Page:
- Failure to monitor and treat fetal distress eg. errors made in interpreting a CTG reading produced by a fetal heart rate monitor.
- Prolonged labour, including the inappropriate use of medication
- Mistakes made with the administration of anaesthesia to the mother
- Fetal stroke caused by the negligent use of forceps and vacuum extractors. This can cause the baby to have a stroke, which can lead to severe oxygen deprivation.
- Preeclampsia and eclampsia: Preeclampsia is a pregnancy condition in which the mother has high blood pressure which can result in reduced blood flow to the baby.The high blood pressure can damage or lead to a constriction of the vessels in the placenta. Preeclampsia can predispose a baby to hypoxia or low oxygen levels and therefore potential brain damage.
- Trauma during birth which results in a serious brain injury to the baby
- Misdiagnosed meningitis in a baby
- Infections during pregnancy. One such infection is Group B Strep (GBS) a bacterial infection which can be acquired by a baby during birth. If a A GBS infection is misdiagnosed or diagnosed late in a baby, this could lead to meningitis and the associated risk of a serious brain injury and cerebral palsy.
- Birth complications such as detachment of the placenta, uterine rupture, or problems with the umbilical cord during birth can affect the oxygen supply to a baby.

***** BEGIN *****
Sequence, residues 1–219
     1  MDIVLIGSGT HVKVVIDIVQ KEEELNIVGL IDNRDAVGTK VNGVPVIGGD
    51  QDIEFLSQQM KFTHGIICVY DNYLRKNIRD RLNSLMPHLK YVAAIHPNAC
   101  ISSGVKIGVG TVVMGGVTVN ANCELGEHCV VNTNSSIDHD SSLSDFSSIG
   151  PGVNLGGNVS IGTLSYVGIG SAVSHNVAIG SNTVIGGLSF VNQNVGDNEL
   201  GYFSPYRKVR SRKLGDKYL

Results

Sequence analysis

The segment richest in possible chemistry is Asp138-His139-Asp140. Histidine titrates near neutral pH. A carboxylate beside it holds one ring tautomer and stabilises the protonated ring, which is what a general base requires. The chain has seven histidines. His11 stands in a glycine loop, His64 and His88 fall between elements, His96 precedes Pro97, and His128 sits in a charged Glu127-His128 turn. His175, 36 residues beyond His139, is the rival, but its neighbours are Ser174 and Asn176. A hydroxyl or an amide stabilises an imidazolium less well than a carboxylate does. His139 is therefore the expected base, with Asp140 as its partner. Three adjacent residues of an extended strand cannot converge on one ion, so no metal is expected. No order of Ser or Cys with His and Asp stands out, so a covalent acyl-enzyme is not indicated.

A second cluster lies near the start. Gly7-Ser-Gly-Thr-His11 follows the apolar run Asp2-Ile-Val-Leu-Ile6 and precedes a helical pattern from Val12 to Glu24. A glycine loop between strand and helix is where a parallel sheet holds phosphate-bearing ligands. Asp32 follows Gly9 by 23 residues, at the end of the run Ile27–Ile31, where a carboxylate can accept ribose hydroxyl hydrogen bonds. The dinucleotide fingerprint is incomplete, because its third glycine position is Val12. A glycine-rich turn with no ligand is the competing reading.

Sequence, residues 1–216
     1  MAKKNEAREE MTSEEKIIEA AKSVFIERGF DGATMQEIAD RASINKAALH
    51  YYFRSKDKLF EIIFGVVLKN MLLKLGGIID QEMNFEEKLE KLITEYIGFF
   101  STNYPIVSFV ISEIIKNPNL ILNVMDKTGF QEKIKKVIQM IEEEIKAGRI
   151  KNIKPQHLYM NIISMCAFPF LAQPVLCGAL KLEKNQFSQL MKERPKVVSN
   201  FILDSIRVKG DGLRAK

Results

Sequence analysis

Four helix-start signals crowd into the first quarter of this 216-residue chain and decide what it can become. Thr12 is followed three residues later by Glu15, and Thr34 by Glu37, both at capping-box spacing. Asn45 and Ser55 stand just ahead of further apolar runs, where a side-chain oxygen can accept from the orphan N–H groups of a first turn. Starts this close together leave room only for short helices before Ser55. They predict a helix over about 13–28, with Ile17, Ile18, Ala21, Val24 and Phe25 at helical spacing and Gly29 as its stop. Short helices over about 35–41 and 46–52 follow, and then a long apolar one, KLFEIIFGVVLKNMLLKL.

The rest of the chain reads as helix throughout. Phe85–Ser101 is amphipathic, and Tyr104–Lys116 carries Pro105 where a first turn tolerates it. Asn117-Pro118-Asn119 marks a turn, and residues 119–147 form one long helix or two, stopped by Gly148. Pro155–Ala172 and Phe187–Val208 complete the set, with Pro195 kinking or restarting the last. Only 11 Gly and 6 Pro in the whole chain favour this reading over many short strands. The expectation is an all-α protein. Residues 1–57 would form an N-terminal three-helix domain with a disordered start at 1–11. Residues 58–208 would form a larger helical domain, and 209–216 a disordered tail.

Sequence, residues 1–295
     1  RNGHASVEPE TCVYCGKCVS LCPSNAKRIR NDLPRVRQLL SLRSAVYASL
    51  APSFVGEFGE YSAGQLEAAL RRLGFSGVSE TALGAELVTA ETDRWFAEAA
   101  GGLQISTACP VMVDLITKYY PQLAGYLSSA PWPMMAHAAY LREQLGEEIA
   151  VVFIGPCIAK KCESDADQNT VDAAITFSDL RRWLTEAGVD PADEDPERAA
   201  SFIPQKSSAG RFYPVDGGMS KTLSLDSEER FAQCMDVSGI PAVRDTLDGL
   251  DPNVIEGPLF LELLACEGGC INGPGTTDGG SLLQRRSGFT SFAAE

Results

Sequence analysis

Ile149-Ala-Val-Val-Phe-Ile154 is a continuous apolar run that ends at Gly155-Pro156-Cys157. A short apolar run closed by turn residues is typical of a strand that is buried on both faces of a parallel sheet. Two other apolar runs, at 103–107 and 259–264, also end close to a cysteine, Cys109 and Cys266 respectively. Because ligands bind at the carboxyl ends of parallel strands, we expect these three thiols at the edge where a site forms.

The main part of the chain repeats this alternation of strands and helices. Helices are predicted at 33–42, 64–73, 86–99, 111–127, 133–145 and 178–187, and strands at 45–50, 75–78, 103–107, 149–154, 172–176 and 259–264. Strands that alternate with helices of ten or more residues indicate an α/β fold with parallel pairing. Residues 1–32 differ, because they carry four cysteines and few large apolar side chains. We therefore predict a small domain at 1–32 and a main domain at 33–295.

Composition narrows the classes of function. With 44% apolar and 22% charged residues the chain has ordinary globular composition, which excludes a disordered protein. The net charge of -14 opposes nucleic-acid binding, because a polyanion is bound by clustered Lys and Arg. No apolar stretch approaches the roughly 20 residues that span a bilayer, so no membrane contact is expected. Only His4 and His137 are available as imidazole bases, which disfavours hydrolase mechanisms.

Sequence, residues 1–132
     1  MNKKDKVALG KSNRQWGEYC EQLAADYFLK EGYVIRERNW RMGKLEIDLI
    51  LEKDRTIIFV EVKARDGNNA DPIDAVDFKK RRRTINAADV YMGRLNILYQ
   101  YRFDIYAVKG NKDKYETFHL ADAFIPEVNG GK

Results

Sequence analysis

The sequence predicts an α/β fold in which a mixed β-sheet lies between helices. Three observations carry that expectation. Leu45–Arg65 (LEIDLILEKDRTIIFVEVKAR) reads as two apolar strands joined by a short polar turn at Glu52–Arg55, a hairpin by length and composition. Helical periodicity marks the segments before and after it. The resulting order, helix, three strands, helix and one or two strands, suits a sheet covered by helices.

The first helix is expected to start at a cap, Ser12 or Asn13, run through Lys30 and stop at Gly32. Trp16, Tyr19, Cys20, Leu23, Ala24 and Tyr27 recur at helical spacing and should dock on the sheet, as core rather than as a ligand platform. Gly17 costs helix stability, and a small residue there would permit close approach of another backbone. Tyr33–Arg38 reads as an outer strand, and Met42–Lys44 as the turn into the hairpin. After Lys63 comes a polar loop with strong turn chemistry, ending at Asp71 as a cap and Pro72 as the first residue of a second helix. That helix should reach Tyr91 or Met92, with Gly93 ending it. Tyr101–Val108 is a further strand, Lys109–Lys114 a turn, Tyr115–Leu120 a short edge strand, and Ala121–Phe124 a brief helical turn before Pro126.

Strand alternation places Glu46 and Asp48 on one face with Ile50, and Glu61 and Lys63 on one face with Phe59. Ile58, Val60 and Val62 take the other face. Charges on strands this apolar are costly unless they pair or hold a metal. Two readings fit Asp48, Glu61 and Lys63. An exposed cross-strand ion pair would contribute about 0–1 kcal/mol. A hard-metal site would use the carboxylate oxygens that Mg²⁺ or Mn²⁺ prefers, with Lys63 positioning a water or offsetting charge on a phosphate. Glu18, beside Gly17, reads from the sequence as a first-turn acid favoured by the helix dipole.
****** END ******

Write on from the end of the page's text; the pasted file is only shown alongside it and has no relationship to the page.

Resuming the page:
Most parents begin to notice something is not quite right when their baby is around a year old. Delays in development, e.g. rolling over, sitting, and grasping objects may be become apparent after this time.. Between 12-24 months, delays in crawling, walking, and talking start to show.
Common symptoms include:
- Limpness in the head when being picked up
- Stiffening of the legs when being picked up
- Fussiness – i.e. difficulties feeding and sleeping
- Inability to visually focus on objects
- Excessive docility
- Frequent vomiting
- Shaky arms and legs
- The baby reaches out with one hand only while keeping the other one in a fist, or the baby keeps both hands in fists continuously
- Cannot bring the hands together
- Inability to push up onto the hands when lying face-down
- Cannot bring their hands to their mouth
- Lopsided crawling reflex (the baby pushes off with one hand and leg while dragging the opposite hand and leg)
- Does not pull themselves up using a table or similar object for support